Why a Craft Beer Alliance?

Why A Purchasing Alliance in The Craft Beer Industry

A cooperative (also known as a co-op) is an autonomous association of people united voluntarily to meet their common economic, social and cultural needs and aspirations through a jointly owned and democratically controlled business. A purchasing cooperative is a type of cooperative, often made up of businesses, who have agreed to aggregate demand to get lower prices from selected suppliers.

How Joining the IBA Helps You Compete

Independent entrepreneurs are the cornerstone of the American economy. The cooperative model is a proven way to help independent businesses stay strong and independent. In fact, there are over 29,000 cooperatives currently operating in the United States with over 350,000 members. That’s because the co-op model works. It has been proven many times in many other industries. Its power is often greatest in industries faced with increased competition and consolidation. If you would like to learn more about cooperatives and how they help improve the world we live in visit Cooperatives for a Better World or their YouTube channel.

Why a Craft Beer Cooperative

The craft beer industry is a remarkable American success story. But despite its incredible continued growth, a lot of brewers – big and small – see significant changes in the competitive landscape. Here are some direct quotes from some of the brewers who first supported the Independent Brewers Alliance.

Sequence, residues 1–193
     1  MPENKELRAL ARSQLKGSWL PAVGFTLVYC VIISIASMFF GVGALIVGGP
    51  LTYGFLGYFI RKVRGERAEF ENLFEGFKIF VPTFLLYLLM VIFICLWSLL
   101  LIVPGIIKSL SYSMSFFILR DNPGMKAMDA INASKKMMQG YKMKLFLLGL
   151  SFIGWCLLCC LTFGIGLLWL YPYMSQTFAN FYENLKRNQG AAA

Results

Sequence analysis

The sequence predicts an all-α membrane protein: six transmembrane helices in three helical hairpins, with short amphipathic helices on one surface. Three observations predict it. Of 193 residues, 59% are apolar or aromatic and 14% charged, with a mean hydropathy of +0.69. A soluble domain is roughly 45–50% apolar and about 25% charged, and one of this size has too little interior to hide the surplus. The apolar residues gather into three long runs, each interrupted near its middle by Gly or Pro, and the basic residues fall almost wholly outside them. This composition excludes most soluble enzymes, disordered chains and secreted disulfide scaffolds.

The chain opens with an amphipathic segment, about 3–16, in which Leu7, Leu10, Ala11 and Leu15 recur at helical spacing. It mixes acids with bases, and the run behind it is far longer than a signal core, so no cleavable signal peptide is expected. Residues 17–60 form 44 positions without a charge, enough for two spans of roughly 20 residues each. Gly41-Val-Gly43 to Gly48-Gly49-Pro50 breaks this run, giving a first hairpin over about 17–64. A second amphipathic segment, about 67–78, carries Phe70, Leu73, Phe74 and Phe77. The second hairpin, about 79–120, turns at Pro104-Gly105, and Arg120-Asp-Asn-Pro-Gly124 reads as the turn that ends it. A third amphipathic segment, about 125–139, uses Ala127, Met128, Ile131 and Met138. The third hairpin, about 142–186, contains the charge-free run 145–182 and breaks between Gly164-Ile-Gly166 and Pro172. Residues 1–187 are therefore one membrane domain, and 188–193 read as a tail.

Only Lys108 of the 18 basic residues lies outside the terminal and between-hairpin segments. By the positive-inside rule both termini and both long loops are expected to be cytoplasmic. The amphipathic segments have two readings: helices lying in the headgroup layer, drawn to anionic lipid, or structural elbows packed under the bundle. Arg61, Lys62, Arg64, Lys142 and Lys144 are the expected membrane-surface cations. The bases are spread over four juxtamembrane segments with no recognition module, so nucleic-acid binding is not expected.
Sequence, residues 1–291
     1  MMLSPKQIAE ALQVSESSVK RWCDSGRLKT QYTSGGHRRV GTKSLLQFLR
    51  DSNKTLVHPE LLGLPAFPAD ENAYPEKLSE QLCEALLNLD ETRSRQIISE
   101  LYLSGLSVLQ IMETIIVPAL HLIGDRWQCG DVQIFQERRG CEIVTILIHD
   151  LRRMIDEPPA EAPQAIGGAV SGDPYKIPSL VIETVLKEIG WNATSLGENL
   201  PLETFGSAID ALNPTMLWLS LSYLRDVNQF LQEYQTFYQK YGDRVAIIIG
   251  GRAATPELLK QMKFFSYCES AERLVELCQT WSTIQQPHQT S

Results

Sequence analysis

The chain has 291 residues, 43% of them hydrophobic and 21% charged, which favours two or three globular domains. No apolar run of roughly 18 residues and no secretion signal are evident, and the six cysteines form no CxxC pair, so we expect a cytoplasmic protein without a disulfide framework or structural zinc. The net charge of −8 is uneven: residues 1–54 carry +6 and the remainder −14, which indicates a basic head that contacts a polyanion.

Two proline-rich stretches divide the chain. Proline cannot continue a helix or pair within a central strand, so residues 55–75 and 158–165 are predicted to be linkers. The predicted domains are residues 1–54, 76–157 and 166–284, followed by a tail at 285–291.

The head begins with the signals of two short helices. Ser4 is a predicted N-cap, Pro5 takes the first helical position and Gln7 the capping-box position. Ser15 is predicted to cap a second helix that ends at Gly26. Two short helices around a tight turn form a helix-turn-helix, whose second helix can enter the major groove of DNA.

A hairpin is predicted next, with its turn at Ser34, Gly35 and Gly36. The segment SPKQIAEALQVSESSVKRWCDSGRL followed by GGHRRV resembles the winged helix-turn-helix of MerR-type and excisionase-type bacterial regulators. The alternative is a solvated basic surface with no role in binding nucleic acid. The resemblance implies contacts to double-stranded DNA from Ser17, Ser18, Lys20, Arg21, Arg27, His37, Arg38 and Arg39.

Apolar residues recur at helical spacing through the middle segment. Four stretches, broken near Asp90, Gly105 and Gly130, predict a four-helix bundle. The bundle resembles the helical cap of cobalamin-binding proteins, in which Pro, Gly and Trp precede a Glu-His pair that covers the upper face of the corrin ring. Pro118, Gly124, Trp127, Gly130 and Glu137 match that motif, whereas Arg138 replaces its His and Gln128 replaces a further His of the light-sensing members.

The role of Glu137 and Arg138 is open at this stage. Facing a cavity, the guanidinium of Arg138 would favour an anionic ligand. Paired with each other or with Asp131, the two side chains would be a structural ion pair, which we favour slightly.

“There’s lot of private equity money sniffing around out there – Wall Street guys who don’t give a crap about beer.”

— Maryland Brewer  

“It’s a way different world…everything is harder to get…from cans to credit.”

— Texas Brewer  

“There’s just so many brewers out there, all competing for mind share, materials, shelf space and tap handles.”

— Pennsylvania Brewer

“Beer drinkers are all about what’s new, so it’s harder to stay on the shelves and in bars and restaurants.”

— Maryland Brewer

“I just read a story about the industry headlined ‘The Status Quo is Over.’ I agree. It’s much more competitive…way harder to stand out in the crowd.

— Montana Brewer

So What’s Going On?

The industry press is full of stories. Sales are slowing for some craft breweries. The mass market breweries have been hedging their bets, moving deeper into craft space, buying up craft brands, running their own. Regional craft breweries are responding, banding together through mergers, buyouts and private equity deals. And still at any one time there are about 1,000 new craft breweries in the works who will only increase competition for access to local taps, shelf space and craft brew lovers’ hearts. In fact, by the end of 2018 the BA had the total brewery count at over 7,000 with over 300 brewery closings, almost double the 165 that closed in 2017.

Competing in a Changing Landscape

So how can an independent brewery stay competitive? Well, you can’t just count on making great beer anymore. You have to have a great business plan too. And part of that plan could be – should be joining the IBA. You can drop the money you save to your bottom line, or invest it in the programs that help you grow and stay strong. And do it all while staying 100% independent.


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